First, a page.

. English longbowmen figure prominently in the foreground at right where they drive away the French crossbowmen.]] A ranged weapon is any weapon that can engage targets beyond hand-to-hand distance, i.e. at distances greater than the physical reach of the user holding the weapon itself. The act of using such a weapon is also known as shooting. It is sometimes also called projectile weapon or missile weapon because it typically works by launching solid projectiles ("missiles"), though technically a fluid-projector (which throws out pressurized streams of liquid or even gas) and a directed-energy weapon (which does not involve any tangible projectile) are also ranged weapons. In contrast, a weapon intended to be used in hand-to-hand combat is called a melee weapon. Ranged weapons give the attacker an advantage, since the target is often getting hit from beyond immediate visual range, therefore making it more difficult for the defenders to react and hitting back effectively. It also puts distance between the attacker and the opponent, which is a safer combat option since the close physical contact during melee fights often puts the attacker within the immediate striking range of enemy counterattacks and thus at an equal risk of getting hurt or killed. The line between ranged and melee weapons is not entirely definite; for instance, spears, axes, daggers, and knives can be used for both throwing and striking, depending on purpose and situation, and a ranged weapon can also be used as a melee weapon in close encounters, such as the buttstock of a rifle used for butt-stroking with a fixed bayonet, a handgun used for pistol-whipping, and even an arrow being used as a hand weapon in desperate situations. Early ranged weapons often included specifically designed hand-thrown weapons such as darts, javelins, slings, as well as more complex elastic weapons such as bows and crossbows; and siege engines like stone throwers, catapults, ballistas and trebuchets. These ranged weapons were extremely effective in ancient and early medieval warfare, especially when used ''en masse'', as they gave the wielder an opportunity to launch multiple rounds of attack before an enemy armed with melee weapons or shorter-ranged missile weapons could even get close enough to pose a threat. After the invention of gunpowder and the development of firearms, gun-type pneumatic ranged weapons became the dominant weapon of choice in armed conflicts, even in close combat. In modern warfare, ranged weaponry is also used both tactically and strategically in the form of long-range artilleries, rockets and guided missiles. The maximum effective range of a weapon is the greatest distance from which the weapon can be fired while still consistently inflicting casualties or damage.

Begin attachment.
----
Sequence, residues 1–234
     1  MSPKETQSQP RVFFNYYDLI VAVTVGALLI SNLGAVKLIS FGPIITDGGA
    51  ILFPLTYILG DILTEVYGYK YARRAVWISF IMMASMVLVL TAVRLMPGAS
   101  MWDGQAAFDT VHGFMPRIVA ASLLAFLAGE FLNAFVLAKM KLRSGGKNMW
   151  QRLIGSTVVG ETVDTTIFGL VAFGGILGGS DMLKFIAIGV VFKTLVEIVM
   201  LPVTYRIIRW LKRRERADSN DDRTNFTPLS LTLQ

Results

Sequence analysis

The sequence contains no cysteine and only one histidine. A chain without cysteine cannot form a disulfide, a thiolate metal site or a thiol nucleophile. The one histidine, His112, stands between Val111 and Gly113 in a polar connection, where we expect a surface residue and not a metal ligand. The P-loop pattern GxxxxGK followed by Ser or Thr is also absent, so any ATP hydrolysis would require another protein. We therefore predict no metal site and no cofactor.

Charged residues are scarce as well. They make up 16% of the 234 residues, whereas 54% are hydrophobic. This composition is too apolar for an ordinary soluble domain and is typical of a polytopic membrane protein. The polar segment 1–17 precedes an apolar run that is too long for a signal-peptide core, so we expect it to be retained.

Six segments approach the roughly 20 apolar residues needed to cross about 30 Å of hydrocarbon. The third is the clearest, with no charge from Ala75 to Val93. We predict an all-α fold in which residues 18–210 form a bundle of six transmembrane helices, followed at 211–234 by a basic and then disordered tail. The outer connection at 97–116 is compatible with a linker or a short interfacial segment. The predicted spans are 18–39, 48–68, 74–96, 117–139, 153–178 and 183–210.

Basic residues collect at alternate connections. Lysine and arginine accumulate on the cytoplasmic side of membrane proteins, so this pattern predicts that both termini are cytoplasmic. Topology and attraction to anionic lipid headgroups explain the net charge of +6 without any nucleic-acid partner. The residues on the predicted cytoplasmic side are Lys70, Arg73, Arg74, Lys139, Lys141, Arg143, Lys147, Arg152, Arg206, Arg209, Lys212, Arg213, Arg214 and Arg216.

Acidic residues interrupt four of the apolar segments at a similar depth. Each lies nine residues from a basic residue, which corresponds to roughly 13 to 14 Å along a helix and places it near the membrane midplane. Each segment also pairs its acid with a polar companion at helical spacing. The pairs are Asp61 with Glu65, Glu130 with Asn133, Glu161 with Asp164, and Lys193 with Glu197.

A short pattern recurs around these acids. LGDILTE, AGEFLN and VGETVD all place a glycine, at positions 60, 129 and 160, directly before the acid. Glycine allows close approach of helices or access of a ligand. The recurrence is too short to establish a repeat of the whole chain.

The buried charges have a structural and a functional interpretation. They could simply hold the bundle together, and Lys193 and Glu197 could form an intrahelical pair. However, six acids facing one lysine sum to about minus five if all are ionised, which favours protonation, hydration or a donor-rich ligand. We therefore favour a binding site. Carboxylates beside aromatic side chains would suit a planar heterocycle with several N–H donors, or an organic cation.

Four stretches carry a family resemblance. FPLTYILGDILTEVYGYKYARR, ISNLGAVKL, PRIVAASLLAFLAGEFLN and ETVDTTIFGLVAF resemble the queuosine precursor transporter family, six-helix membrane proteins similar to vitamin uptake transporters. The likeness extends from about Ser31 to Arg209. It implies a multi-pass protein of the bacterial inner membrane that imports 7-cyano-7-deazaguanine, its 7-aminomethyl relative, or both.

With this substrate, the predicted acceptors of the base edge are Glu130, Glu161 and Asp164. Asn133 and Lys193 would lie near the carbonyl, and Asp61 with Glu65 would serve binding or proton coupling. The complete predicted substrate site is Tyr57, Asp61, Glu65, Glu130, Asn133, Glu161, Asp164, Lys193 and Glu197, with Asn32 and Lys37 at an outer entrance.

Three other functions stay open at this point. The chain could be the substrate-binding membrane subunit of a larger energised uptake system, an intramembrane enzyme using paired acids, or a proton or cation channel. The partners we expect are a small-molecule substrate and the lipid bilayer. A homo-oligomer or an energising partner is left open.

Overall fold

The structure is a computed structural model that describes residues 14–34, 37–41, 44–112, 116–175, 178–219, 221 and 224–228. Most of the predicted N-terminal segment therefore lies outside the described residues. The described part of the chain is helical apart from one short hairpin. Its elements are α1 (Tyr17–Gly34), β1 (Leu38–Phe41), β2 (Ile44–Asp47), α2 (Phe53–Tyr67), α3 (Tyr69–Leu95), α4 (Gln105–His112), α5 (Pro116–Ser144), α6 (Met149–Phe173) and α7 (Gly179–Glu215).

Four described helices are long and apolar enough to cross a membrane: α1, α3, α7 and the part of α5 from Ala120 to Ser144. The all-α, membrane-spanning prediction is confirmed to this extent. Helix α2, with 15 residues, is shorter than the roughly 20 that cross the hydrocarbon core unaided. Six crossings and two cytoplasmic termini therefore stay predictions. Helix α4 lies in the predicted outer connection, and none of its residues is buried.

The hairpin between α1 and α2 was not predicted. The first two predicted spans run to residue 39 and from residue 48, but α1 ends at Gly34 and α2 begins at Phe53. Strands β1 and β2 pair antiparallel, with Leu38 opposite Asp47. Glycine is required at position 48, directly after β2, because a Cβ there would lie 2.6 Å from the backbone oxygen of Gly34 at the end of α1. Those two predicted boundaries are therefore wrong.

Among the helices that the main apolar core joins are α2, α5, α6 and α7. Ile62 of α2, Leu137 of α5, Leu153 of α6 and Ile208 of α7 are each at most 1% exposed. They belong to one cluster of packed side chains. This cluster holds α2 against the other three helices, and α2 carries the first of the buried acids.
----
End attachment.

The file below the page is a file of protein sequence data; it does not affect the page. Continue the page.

List of ranged weapons